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Together We Were Eleven Foot Nine: The Twenty-Year Friendship of Hall of Fame Pitcher Jim Palmer and Orioles Manager Earl Weaver Hardcover – March, 1996

4 out of 5 stars 7 customer reviews

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Editorial Reviews

From Publishers Weekly

Palmer and Weaver met in 1967, when the pitcher, who had put in two years with Baltimore and developed a sore arm, was sent to the Rochester farm club, where Weaver was managing. In 1969, Palmer was back with the Orioles and Weaver was named their manager. They remained together until 1982, when Weaver retired for the first time (he un-retired in 1985, but by then Palmer had gone). Superficially, they were vastly different: Palmer was cerebral, tall and handsome; Weaver was emotional, short and not so handsome. Yet they had their similarities: stubbornness and single-minded devotion to winning. They fought in the clubhouse, on the field, in the press, but their mutual will to win helped the Orioles be the most successful major-league team of the '70s. This is a fast-moving and witty account of those years.
Copyright 1996 Reed Business Information, Inc.
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Product Details

  • Hardcover: 169 pages
  • Publisher: Andrews Mcmeel Pub; 1St Edition edition (March 1996)
  • Language: English
  • ISBN-10: 0836207815
  • ISBN-13: 978-0836207811
  • Product Dimensions: 1.2 x 6.2 x 9.2 inches
  • Shipping Weight: 1.2 pounds
  • Average Customer Review: 4.0 out of 5 stars  See all reviews (7 customer reviews)
  • Amazon Best Sellers Rank: #1,228,467 in Books (See Top 100 in Books)

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Customer Reviews

Top Customer Reviews

Format: Hardcover Verified Purchase
In middle school, I used to make daily entries into a log, which did little more than describe what happened during my day and whatever else came to mind. Years later, when I looked back on the ramblings, it was through the lens of age and experience and maturity that allowed me a much greater insight into why certain teachers or family members did what they did as opposed to simply what happened. In the here and now, everything is inflated; in hindsight, the bigger picture becomes apparent.

In "Together, We Were Eleven Foot Nine", Jim Palmer has basically taken the equivalent of my middle school thoughts and stuck them on pages. There is no hindsight, there's no appreciation for the big picture, and there's a certain shortage of anything resembling respect. A common complaint that Earl Weaver had for Palmer during their years together was that Palmer needed a diaper more than anything, and in reading this book, I'm inclined to agree. It's below a celebrity roast; at least with a roast, certain stories are either embellished or ignored in order to heighten the comic effect, and that's usually followed by a sincere statement of appreciation toward the roastee.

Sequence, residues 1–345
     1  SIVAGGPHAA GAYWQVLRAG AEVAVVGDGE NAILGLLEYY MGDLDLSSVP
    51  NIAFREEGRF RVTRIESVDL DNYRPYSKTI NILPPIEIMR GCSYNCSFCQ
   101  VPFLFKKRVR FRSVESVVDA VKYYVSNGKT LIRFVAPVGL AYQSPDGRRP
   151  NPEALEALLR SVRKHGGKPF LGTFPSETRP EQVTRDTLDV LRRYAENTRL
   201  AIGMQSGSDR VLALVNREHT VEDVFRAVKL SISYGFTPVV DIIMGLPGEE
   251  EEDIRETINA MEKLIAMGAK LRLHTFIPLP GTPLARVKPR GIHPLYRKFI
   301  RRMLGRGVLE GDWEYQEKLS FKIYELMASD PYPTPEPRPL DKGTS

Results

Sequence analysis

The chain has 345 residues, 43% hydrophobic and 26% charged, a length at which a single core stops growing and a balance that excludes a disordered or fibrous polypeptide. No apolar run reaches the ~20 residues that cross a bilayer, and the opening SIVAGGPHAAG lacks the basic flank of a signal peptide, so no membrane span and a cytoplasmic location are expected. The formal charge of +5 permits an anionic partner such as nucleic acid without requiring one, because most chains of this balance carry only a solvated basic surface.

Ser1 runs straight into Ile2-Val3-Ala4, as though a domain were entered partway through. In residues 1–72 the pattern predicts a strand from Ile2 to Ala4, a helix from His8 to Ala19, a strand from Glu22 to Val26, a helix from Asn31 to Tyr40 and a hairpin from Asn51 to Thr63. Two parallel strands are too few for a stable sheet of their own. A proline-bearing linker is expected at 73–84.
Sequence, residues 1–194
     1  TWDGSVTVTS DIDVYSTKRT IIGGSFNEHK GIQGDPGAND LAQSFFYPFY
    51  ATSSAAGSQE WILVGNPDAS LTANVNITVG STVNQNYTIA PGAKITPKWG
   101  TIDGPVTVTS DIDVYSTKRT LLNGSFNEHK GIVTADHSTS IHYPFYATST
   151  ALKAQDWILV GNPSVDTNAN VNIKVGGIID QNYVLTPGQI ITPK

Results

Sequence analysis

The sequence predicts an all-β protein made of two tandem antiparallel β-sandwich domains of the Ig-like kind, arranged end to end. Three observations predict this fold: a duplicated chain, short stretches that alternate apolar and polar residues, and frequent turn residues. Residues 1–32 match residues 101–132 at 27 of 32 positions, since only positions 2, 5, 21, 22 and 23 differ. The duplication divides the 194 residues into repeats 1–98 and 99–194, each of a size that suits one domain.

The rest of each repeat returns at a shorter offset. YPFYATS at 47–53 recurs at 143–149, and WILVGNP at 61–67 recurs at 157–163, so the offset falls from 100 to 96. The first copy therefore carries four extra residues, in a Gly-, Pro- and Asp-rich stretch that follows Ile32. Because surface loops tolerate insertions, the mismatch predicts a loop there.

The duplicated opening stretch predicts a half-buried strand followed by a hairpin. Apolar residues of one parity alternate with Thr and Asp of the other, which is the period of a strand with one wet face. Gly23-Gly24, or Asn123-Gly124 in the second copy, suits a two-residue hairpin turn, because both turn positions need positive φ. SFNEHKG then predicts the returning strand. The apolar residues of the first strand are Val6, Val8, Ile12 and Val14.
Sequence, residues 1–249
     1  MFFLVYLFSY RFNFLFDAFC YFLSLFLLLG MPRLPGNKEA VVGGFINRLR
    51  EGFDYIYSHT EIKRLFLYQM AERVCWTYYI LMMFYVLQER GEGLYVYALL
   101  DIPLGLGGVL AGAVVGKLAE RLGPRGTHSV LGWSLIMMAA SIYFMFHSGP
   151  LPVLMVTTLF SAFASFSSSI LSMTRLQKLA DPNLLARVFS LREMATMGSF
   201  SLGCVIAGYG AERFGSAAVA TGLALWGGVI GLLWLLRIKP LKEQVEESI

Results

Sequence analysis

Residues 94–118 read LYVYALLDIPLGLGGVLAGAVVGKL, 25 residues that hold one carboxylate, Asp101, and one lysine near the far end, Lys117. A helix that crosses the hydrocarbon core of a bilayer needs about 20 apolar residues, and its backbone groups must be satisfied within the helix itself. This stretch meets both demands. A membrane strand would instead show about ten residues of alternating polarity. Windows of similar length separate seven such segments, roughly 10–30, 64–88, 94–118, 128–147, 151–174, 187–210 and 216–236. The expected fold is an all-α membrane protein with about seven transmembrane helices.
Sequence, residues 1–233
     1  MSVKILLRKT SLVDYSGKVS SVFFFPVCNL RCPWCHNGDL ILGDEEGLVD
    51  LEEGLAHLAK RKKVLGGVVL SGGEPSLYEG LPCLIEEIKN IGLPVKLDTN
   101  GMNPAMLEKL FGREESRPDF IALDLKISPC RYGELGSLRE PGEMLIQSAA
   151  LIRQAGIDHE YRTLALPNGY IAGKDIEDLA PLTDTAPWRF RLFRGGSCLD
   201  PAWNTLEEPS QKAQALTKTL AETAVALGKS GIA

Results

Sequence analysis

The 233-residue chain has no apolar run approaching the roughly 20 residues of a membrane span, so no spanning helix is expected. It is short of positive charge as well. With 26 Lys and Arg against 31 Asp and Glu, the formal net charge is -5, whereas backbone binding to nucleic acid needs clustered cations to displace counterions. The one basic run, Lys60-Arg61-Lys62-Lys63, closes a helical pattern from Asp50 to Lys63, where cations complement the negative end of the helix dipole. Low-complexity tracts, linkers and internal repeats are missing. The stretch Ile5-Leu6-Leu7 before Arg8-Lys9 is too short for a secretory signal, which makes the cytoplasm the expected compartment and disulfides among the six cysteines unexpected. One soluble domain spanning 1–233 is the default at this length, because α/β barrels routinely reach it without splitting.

This book, however, simply spins stories in order to underscore the statement that "the only thing Weaver knows about pitching is that he couldn't hit it." And we're not talking funny stories or stories that can be made funny, just a collection of ones that come across as mean-spirited and vicious. It reads more like a teenage girl complaining about why she hates her parents for not buying her something rather than the intelligent writings of a man who was 50 years old when this was written.
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Format: Hardcover
During my childhood I worshipped the Baltimore Orioles and especially Jim Palmer. As I grew older, Palmer lost some of his heroic stature and seemed more arrogant than special. This book provides the finishing touches on his fall from grace. The stories in here often seem mean-spirited and down-right nasty. Earl Weaver is treated as a bumbling, coarse, win-obsessed maniac while Palmer portrays himself as the voice of reason in a very sarcastic tone. Unfortunately, the technique backfires. Instead we begin to feel sympathy for Earl and begin to despise Palmer for his arrogant attitude. I rate this a three only for Oriole fans as there are a few nice stories about those Great Orioles' teams from an insiders point of view
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Format: Hardcover Verified Purchase
This book goes great with Earl's; there's a certain amount of overlap, and it's most interesting to see both sides of the story. Sure, Jim is arrogant and self-centered, but that's what helped make him great. At least he has a sense of humor about it, just like Earl does. In the end, they both (along with so many of their great teammates) gave me countless wonderful memories which this book bring back. I enjoyed it immensely, _almost_ as much as Earl's..
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Format: Hardcover Verified Purchase
If you don't mind locker room language, this book provides in in-depth look at the mercurial relationship of HOF pitcher Palmer and HOF manager Weaver. Amusing, touching, revealing and often hilarious, this book is a must for life-long O's fans. It took me a while to find it, but it was definitely worth the effort.
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